How to judge if a video works

I collected notes written by judges when CASE had their reviews online. Every year they judge videos produced for college fundraising and recruitment. There’s much to learn from their critiques.

Contest winners had much in common:

• Good stories, simply told. The most powerful thing you can do. Humanize with engaging stories. Connect with a narrative thread.

• People talking on camera were natural, warm, open and showed passion. They were engaging and full of energy.

• Focused on people who benefited from donations.

• Sparse narration. People told their stories. (And the fewer people and more in-depth you go in their lives, the better.)

• High production values: Well-lit, beautiful shots of campus, good sound quality, good use of nat sound.

• Music was appropriate and unobtrusive. Music enhanced rather than compete with visuals.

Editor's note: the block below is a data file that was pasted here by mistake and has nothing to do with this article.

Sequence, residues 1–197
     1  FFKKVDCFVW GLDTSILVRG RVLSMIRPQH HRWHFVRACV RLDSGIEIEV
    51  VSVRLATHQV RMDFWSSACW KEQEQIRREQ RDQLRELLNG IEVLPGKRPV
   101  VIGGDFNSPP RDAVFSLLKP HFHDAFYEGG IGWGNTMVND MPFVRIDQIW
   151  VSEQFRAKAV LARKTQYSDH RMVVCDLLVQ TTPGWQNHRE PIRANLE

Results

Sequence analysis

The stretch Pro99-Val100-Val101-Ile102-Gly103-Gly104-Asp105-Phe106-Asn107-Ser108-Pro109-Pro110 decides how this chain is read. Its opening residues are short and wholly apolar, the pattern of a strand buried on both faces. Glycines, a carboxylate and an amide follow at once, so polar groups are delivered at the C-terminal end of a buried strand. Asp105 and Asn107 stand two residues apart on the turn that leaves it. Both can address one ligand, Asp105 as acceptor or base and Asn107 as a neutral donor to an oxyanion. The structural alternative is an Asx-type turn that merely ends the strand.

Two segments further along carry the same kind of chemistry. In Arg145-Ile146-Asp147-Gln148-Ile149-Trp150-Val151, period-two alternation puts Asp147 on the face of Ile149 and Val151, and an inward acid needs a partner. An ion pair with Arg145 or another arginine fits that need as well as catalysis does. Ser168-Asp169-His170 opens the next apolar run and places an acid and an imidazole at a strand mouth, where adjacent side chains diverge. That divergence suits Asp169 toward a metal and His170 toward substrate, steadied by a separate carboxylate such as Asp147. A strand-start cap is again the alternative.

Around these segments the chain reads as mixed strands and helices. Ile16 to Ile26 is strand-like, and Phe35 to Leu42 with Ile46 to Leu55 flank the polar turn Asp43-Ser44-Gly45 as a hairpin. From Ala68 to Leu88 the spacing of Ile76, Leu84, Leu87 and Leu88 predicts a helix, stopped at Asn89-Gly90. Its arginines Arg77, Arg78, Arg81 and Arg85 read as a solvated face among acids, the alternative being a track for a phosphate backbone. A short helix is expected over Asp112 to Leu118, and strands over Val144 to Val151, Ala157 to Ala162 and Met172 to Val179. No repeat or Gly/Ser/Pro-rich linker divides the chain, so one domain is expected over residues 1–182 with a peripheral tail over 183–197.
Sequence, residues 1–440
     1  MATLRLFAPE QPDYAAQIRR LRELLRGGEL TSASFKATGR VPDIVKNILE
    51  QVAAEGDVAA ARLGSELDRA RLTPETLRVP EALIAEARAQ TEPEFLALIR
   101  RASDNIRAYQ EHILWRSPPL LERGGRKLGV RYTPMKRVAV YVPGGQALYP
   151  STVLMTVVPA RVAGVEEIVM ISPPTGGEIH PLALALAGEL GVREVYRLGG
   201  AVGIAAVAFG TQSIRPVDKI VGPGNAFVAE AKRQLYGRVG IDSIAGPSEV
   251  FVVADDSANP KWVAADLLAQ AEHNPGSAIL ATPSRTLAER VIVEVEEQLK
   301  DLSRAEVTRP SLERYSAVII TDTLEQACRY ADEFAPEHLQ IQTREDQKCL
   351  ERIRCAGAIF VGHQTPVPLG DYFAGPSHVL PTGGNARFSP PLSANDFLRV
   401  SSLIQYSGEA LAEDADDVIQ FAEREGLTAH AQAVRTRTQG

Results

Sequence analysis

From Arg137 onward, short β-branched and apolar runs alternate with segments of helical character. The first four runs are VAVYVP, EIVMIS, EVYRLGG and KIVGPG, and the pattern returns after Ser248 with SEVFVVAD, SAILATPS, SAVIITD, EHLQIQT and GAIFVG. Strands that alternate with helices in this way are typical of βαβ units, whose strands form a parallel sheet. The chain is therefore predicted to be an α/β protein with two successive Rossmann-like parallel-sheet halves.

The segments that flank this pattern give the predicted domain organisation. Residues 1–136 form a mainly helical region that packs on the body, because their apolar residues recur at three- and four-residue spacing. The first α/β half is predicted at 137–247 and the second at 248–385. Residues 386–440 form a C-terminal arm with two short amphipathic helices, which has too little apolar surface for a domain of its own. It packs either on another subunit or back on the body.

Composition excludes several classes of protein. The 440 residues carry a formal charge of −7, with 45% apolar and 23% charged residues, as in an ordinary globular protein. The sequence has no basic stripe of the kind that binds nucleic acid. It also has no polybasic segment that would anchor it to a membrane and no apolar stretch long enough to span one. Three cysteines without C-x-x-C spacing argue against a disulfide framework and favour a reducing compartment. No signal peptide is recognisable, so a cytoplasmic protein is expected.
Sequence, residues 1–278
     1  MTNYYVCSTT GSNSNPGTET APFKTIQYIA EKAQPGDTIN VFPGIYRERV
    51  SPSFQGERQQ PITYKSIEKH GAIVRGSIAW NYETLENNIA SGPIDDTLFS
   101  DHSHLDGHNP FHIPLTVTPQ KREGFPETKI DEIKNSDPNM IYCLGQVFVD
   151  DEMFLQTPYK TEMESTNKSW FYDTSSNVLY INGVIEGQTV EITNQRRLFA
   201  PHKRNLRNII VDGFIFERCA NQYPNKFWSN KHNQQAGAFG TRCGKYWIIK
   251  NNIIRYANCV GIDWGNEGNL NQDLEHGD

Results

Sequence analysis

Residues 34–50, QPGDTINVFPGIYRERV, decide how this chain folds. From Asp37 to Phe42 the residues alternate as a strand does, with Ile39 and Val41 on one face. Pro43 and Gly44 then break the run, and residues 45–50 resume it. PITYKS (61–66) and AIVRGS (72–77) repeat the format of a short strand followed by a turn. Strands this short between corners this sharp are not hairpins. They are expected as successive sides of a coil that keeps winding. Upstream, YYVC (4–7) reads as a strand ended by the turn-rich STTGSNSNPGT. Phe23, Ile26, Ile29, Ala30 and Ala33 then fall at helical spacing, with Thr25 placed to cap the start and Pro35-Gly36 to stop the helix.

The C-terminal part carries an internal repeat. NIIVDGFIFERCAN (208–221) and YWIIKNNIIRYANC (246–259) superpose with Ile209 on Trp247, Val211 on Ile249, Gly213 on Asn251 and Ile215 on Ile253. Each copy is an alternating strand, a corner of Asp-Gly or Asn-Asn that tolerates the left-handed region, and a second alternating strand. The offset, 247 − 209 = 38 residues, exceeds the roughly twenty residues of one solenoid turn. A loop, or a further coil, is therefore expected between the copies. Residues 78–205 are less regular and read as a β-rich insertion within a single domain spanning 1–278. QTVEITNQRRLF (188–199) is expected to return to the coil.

Common problems in videos that did not win: 

• Self-important. “We are a great place.” (The best videos let students, faculty and others say this.)

• Distracting special effects.

• Reliance on scripted narration to tell the story.

• Too much information. Too little communication of feelings.

• Multiple uses, multiple audiences, for a video. You end up compromising your message and miss your primary target.


Mary is a freelance video producer in Seattle. She creates videos for you that help your business or nonprofit grow. Visit her LinkedIn page, and see her videos on Vimeo. You can reach her at